FDA creates work group to develop drug importation policy options

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FDA creates work group to develop drug importation policy options

By Sandra Levy - 07/19/2018
The Food and Drug Administration is exploring situations that might require short-term importation of drugs that could be hard to come by if the supply chain is disrupted or price hikes affect their accessibility. The agency has created a work group that will examine policy frameworks under which it would need to import foreign equivalents of FDA-approved drugs.

“We know, that for certain critical medicines, where there are no blocking patents or exclusivities associated with the drugs, but where there is only a single manufacturer — sole-source; conditions may develop that create significant barriers to, and ultimately threaten, patient access,” said FDA’s commissioner Scott Gottlieb. “Such conditions could include dislocations in the supply chain or sudden, significant price increases that close off channels of availability. These circumstances can leave patients without access to drugs they need. These could be situations where there’s only one U.S. approved and marketed version of an old drug that’s not commonly used, but is still medically important. Many of these cases involve generic medicines. These disruptions can create public health consequences that are similar to the occurrence of a drug shortage.”

"The FDA wants to examine whether — under these narrow conditions — the additional market competition from the short-term importation of foreign versions of the drug may complement the FDA’s current efforts, and help meet near-term patient need in the United States until new competition is able to enter the domestic market," Gottlieb said.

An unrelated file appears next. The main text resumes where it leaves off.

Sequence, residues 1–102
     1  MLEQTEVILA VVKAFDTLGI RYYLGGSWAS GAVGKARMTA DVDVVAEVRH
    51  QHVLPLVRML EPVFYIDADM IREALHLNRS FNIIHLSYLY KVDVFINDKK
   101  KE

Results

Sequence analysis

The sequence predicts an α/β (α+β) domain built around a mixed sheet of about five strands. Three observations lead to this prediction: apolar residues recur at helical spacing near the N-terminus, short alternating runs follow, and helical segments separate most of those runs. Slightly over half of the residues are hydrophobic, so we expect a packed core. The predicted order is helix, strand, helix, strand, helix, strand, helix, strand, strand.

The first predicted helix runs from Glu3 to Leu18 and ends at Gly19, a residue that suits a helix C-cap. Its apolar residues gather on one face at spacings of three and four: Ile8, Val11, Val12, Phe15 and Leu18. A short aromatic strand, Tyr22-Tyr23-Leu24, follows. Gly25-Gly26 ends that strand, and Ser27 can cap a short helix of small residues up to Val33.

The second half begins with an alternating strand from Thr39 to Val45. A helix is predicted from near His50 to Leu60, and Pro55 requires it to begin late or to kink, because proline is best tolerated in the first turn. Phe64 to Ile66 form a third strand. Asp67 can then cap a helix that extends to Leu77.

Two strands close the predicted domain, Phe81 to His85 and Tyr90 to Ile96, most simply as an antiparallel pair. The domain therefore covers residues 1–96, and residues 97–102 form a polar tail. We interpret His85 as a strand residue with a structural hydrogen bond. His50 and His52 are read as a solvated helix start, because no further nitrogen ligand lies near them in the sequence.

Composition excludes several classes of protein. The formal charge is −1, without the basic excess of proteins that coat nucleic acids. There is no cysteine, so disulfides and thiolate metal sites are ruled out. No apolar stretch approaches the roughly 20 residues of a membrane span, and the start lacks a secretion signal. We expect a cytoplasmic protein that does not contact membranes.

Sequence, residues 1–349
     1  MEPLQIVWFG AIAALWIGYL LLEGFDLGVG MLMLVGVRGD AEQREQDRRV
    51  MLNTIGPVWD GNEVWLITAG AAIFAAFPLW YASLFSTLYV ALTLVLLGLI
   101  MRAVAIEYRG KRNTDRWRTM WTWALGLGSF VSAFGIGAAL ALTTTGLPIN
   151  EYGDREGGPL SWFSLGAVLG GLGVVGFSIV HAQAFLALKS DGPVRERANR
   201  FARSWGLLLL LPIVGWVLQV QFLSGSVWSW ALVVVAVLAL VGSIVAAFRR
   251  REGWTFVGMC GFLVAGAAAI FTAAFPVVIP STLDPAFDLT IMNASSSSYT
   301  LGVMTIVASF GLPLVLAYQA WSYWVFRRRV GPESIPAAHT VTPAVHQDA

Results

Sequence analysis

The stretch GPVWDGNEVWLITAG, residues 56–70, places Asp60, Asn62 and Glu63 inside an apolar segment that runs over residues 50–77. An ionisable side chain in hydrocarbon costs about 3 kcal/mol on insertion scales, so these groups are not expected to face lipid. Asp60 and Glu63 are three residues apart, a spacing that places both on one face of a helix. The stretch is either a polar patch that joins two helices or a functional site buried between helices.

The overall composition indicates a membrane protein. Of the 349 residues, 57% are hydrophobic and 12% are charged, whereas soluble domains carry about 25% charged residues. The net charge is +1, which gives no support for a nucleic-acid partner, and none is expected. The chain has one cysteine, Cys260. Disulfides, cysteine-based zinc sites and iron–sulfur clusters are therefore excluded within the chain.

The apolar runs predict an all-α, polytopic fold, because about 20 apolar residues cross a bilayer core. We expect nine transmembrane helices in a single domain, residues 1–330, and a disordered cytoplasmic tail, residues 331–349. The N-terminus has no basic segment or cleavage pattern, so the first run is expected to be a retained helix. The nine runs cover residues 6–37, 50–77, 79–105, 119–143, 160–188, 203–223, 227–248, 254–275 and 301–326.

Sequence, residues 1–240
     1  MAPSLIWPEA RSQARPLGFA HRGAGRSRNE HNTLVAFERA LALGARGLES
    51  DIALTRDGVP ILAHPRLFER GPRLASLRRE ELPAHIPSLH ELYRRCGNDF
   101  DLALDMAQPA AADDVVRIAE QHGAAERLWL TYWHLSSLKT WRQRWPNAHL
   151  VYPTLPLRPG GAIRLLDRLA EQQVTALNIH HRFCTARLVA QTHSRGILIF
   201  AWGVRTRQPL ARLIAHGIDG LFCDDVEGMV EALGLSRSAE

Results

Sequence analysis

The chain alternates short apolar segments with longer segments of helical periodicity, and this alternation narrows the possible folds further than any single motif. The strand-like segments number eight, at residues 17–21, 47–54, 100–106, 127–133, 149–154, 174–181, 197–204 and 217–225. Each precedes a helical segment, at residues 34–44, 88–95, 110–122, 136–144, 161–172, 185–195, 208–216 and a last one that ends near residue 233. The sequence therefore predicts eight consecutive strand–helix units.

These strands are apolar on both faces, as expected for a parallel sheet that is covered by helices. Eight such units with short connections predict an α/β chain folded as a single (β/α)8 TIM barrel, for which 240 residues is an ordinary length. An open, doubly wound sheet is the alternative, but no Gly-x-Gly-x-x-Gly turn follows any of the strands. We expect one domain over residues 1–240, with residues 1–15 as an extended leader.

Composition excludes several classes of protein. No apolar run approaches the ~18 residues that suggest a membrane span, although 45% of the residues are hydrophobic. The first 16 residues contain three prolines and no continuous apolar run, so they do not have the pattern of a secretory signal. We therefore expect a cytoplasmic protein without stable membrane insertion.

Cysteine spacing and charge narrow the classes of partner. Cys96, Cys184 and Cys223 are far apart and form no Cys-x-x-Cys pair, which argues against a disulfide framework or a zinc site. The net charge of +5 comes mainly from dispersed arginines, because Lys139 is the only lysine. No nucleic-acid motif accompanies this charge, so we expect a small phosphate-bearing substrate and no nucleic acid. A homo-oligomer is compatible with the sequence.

The work group is being asked to consider, among other things:

  • The statutory and regulatory requirements relevant to developing and advancing such a policy;

  • How the FDA will define an access dislocation in these circumstances;

  • How the FDA and the Department of Health and Human Services will evaluate the public health need for access to foreign-approved drugs in these situations;

  • How the agency will assess the safety, effectiveness and labeling of a foreign-approved drug that could be eligible for importation under such a policy;

  • How the FDA will ensure that we continue to protect patient safety through a secure drug supply chain and pursue enforcement against unsafe and illegal drug products;

  • How to ensure such a policy maintains the incentives and balanced framework that supports manufacturers seeking FDA approval for these products, as this is our primary objective; and

  • What additional steps should be taken by the FDA to continue to promote competition from additional FDA-approved versions of these sole-source generic drugs to make sure that we achieve a U.S. supply of these medically-necessary medicines that is sustainable for the long run.

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